sockets: How to know when your data is sent

Marc Ederis mederis at
Wed Nov 10 15:44:07 CET 2004

Grant Edwards <grante at> wrote in message news:<4190fdab$0$87168$a1866201 at>...
> On 2004-11-09, Sion Arrowsmith <siona at> wrote:
> >>> When I use the send function, it will happily send a buffer of
> >>> a megabyte and more in one shot. But of course, the data is
> >>> still in the network buffer...  [ ... ] The problem is, how
> >>> can I know when it's done?
> >>
> >>Under Linux, there is no way to tell.  IIRC, there's no way to
> >>tell under BSD either.  I actually wrote some kernel mode code
> >>once upon a time to provide an ioctl() that I could call from
> >>user space to find out when the data I had written to a socket
> >>was actually sent.
> >
> > I may well be missing the point of the problem here, but wouldn't
> > just turning TCP_NODELAY on guarantee that send() won't return
> > until the last ACK has returned?
> Nope.  Send returns as soon as the the data is copied to a a
> kernel-space buffer.  TCP_NODELAY has no effect on that. It
> only changes the stack's behavior as it's taking data from that
> buffer and putting it on the wire.  Eventually, the TCP window
> will fill up, and after than the tx buffer will fill up, and
> after that, send will block.  There's no practical way to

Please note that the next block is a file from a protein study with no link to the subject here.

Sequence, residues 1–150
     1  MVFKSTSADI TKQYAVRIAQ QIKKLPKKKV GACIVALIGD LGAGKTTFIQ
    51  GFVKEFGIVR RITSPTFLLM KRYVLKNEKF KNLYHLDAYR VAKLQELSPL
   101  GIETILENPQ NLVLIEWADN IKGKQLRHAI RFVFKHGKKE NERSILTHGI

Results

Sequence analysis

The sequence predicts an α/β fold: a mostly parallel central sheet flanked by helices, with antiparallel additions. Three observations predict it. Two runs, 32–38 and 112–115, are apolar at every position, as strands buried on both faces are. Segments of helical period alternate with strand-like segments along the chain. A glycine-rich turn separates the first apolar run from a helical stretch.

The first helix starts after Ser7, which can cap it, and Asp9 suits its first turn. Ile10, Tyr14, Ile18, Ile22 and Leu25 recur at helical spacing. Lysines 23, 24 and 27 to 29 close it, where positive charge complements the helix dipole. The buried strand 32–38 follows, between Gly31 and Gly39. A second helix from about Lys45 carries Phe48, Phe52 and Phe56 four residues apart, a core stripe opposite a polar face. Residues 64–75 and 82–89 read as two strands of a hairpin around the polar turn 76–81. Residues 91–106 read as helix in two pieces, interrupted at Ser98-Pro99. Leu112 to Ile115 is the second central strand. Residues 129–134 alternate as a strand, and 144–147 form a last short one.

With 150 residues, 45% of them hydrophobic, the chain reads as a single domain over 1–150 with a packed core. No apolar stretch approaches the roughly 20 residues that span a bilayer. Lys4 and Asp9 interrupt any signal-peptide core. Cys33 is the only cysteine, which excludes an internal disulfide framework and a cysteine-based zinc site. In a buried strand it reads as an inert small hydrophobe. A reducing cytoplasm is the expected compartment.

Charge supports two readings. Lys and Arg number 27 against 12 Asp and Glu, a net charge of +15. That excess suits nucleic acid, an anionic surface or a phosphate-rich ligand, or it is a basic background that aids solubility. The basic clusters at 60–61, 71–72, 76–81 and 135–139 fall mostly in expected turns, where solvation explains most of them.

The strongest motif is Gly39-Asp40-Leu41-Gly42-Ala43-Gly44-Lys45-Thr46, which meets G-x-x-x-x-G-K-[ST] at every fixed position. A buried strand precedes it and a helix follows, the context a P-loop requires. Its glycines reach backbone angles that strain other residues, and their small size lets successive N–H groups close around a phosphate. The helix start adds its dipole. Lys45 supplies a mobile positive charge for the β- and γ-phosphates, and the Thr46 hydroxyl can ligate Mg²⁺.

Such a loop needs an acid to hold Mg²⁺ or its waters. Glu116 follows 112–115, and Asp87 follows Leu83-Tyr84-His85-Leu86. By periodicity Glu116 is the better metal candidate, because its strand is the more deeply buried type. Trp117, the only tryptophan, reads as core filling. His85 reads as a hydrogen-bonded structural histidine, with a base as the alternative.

> predict the size of either the TCP window or the tx buffer.
> There's also no practical way to determine how much data is
> still waiting to be acked (unless you want to do kernel
> hacking).
> > And if you're not using TCP:
> >
> >>The way to tell that data has been sent is to use an
> >>application-level protocol that acknowleges the data transferr.
> >
> > applies in spades if you care about reliability.
> Unfortunately, many people who write network applications (and
> protocols) make all sorts of bizarre assumptions, and somebody
> ends up jumping through hoops later to try to fix things when
> those assumptions turn out to be wrong. :/

I see, so the right way to do it is to have the server respond on a
successful receipt of the data. Thanks Grant. And thanks for
mentioning TCP_NODELAY, Sion, because I was about to try that too, but
this saves me the trouble.


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